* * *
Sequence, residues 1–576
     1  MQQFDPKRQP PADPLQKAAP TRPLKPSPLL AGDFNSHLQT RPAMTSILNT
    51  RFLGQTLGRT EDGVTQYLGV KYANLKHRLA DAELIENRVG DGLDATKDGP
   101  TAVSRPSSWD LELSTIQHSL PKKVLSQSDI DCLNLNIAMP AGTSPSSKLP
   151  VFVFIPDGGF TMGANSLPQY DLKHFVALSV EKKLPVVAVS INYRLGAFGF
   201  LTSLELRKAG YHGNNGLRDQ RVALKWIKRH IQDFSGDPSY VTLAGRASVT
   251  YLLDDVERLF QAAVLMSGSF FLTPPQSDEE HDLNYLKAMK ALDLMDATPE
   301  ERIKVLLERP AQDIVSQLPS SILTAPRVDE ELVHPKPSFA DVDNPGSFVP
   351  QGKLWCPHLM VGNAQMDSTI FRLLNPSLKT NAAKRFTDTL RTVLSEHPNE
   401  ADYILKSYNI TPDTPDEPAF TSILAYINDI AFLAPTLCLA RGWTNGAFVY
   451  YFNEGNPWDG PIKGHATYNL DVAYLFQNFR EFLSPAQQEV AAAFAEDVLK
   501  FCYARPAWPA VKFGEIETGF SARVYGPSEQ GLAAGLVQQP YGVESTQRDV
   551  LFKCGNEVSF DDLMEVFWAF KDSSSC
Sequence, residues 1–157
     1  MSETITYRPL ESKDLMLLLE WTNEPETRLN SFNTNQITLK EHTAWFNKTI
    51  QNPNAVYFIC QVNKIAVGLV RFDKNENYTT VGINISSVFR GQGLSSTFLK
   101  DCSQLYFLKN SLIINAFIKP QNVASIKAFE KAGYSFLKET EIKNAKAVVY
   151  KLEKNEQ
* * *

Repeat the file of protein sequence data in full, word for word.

Sequence, residues 1–576
     1  MQQFDPKRQP PADPLQKAAP TRPLKPSPLL AGDFNSHLQT RPAMTSILNT
    51  RFLGQTLGRT EDGVTQYLGV KYANLKHRLA DAELIENRVG DGLDATKDGP
   101  TAVSRPSSWD LELSTIQHSL PKKVLSQSDI DCLNLNIAMP AGTSPSSKLP
   151  VFVFIPDGGF TMGANSLPQY DLKHFVALSV EKKLPVVAVS INYRLGAFGF
   201  LTSLELRKAG YHGNNGLRDQ RVALKWIKRH IQDFSGDPSY VTLAGRASVT
   251  YLLDDVERLF QAAVLMSGSF FLTPPQSDEE HDLNYLKAMK ALDLMDATPE
   301  ERIKVLLERP AQDIVSQLPS SILTAPRVDE ELVHPKPSFA DVDNPGSFVP
   351  QGKLWCPHLM VGNAQMDSTI FRLLNPSLKT NAAKRFTDTL RTVLSEHPNE
   401  ADYILKSYNI TPDTPDEPAF TSILAYINDI AFLAPTLCLA RGWTNGAFVY
   451  YFNEGNPWDG PIKGHATYNL DVAYLFQNFR EFLSPAQQEV AAAFAEDVLK
   501  FCYARPAWPA VKFGEIETGF SARVYGPSEQ GLAAGLVQQP YGVESTQRDV
   551  LFKCGNEVSF DDLMEVFWAF KDSSSC
Sequence, residues 1–157
     1  MSETITYRPL ESKDLMLLLE WTNEPETRLN SFNTNQITLK EHTAWFNKTI
    51  QNPNAVYFIC QVNKIAVGLV RFDKNENYTT VGINISSVFR GQGLSSTFLK
   101  DCSQLYFLKN SLIINAFIKP QNVASIKAFE KAGYSFLKET EIKNAKAVVY
   151  KLEKNEQ